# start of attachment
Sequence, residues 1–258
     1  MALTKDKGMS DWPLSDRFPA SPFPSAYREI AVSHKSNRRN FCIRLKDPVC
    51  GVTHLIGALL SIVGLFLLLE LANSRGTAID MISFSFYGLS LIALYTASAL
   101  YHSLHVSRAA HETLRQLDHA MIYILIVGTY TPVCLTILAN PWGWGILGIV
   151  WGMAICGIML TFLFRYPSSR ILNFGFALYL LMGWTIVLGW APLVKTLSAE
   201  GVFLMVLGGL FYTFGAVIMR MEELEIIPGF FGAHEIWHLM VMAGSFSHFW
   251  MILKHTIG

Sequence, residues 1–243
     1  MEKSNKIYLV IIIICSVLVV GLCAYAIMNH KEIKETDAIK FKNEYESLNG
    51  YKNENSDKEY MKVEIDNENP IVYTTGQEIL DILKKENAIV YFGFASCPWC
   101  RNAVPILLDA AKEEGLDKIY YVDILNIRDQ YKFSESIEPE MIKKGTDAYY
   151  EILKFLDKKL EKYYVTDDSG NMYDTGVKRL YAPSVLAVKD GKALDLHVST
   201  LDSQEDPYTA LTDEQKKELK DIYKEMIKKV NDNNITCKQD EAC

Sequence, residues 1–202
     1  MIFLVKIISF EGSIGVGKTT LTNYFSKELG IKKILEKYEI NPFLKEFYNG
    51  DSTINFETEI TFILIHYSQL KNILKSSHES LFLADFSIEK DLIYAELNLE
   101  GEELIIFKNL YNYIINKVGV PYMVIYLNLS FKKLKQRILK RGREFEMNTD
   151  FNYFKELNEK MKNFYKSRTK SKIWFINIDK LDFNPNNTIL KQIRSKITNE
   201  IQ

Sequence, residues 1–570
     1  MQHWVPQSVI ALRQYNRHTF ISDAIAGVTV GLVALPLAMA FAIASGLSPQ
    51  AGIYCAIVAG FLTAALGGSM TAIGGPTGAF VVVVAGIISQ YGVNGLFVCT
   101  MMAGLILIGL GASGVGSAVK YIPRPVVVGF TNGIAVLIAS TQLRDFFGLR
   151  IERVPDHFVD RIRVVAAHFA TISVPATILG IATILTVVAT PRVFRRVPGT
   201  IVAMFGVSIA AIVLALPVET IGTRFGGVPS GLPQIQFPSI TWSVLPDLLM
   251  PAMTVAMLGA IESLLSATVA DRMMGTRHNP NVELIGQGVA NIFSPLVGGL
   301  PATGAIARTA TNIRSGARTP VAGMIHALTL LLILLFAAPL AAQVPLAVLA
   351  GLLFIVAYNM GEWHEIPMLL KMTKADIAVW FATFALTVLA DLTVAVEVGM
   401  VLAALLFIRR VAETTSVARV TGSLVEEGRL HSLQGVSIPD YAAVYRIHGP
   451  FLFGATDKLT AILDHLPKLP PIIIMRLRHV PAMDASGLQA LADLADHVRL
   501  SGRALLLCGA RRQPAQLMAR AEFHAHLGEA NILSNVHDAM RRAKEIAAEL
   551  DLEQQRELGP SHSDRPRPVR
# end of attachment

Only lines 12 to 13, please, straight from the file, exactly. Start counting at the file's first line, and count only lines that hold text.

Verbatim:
   151  EILKFLDKKL EKYYVTDDSG NMYDTGVKRL YAPSVLAVKD GKALDLHVST
   201  LDSQEDPYTA LTDEQKKELK DIYKEMIKKV NDNNITCKQD EAC